Or was he so good that he produced 100% sycophancy?
I wonder how this judge ever made it through grade school, much less college and law school!
h/t Maddened Fowl
For years, it was pointed out that Richard Nixon believed he was an imperial president. He even made statements to the press in that regard.
And the Democrats ran with that.
And sometimes won.
Now, we have one of the current President’s closest advisors making this assertion…
Valerie Jarrett: Americans ‘hungry’ for Obama to act like an imperial president
With regard to the State Of The Union Address, Ms. Jarrett stated the following (in part):
On Tuesday, White House Senior Adviser Valerie Jarrett told MSNBC’s “Morning Joe” that Americans are “hungry” for Obama to take unilateral action, bypassing Congress wherever he can to get things done, CNS News reported.
“People around our country are hungry for action,” she said. “And what you’ll hear from the president tonight is going to be all about action — creating opportunity — and it’s going to be a very optimistic speech.”
According to Jarrett, Obama will “set forth very specific, concrete proposals that he thinks will move our country forward — create opportunity for hard-working Americans who want to succeed.”
Although Obama will prod Congress to act on his agenda, Jarrett said Obama “will make clear tonight that he will take action on his own,” bypassing Congress when he sees fit.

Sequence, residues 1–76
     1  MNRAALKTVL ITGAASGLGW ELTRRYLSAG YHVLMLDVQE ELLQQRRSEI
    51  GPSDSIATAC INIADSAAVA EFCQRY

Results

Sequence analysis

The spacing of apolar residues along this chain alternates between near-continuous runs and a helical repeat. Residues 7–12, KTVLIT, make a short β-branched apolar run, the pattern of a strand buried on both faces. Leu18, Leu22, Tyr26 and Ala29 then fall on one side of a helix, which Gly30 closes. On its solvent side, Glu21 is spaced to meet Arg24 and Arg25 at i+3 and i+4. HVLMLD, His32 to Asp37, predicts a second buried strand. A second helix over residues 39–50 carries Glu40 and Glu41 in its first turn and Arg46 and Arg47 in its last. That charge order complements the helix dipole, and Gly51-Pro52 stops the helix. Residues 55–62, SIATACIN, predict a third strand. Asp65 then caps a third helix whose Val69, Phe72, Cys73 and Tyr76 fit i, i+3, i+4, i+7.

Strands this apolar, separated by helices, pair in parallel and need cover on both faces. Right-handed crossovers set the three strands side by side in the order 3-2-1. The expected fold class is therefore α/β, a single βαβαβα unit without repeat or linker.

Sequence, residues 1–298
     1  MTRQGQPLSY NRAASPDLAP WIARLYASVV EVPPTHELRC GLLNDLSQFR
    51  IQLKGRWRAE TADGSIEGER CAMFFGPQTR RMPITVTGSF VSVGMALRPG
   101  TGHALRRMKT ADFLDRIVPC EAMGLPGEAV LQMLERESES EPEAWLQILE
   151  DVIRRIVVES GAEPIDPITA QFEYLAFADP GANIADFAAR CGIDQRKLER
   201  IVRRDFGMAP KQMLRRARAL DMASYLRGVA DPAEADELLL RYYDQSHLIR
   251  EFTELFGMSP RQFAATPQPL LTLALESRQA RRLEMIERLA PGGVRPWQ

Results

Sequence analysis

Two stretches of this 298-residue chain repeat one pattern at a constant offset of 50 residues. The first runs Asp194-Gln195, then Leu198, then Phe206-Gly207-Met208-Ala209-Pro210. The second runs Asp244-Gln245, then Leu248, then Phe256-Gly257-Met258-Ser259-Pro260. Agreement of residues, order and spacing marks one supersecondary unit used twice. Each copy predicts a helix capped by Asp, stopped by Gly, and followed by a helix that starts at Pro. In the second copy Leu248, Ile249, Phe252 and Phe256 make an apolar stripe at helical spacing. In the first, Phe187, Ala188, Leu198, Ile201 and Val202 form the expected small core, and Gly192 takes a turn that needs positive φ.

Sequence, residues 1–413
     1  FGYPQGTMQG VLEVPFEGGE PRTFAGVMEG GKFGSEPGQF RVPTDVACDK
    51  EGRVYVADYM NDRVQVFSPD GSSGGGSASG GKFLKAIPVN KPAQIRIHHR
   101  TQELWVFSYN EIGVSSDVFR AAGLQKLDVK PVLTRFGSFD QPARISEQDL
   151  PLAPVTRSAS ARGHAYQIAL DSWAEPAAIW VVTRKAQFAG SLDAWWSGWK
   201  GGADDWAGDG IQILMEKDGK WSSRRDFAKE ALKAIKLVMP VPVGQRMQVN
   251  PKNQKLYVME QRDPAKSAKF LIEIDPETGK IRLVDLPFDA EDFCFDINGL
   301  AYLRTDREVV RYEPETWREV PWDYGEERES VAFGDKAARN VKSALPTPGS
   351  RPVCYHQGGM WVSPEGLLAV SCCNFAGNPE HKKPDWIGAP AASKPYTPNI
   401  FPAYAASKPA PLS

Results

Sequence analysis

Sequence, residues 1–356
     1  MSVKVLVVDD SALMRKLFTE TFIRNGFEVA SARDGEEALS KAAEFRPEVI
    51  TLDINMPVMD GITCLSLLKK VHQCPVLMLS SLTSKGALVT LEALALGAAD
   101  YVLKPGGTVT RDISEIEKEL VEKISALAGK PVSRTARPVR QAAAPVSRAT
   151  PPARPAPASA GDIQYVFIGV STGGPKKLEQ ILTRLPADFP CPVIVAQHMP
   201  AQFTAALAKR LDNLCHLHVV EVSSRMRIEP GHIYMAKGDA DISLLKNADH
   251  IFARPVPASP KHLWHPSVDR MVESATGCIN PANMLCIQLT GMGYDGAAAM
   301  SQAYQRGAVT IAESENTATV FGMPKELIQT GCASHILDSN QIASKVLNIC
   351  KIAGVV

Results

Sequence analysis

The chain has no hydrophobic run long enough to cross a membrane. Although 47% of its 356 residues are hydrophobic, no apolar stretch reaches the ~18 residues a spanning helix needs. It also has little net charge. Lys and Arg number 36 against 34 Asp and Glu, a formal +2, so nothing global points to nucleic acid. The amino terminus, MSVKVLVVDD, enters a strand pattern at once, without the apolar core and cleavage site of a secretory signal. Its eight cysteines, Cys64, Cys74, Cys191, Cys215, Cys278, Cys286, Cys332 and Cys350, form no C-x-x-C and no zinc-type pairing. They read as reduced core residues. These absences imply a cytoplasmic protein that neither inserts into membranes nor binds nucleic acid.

Can we invoke Nixon now?
I can only speak for me, but I don’t want a President from any party “bypassing Congress when he sees fit.”
I’m not that hungry.
I mentioned John Locke (author of The Social Contract, philosopher extraordinaire, and unwitting mentor to Thomas Jefferson) in this blog the other day.
Then, quite serendipitously, I took note on an early blog post by Joel…
I haven’t read this blog, The Art of Not Being Governed, very extensively so if it turns out to be a neonazi or everytown front, don’t blame me, okay? But so far I’m enjoying it.
It’s got a recurring feature called Statist Fallacies, basic stuff but pretty good so far. Here’s a lovely take-down on the mossy old “social contract,” which TUAK readers probably know is a particular bugaboo of mine.
Enjoy. I’m going out to play now.
I’d forgotten about Joel’s distaste for ‘the concept of The Social Contract’. So I thought WTH?
Libertarian, statist and sovereign citizen alike – what do you gentle readers think about this?
First a NEGATIVE, in part…
The powers not delegated to the United States by the Constitution, nor prohibited by it to the States, are reserved to the States respectively, or to the people.
Tenth Amendment to the Constitution of the United States
From time to time I read about proposals for a national law requiring reciprocity of concealed carry permits between the states. The most recent example is the Constitutional Concealed Carry Reciprocity Act, introduced by Senator John Cornyn, R-TX.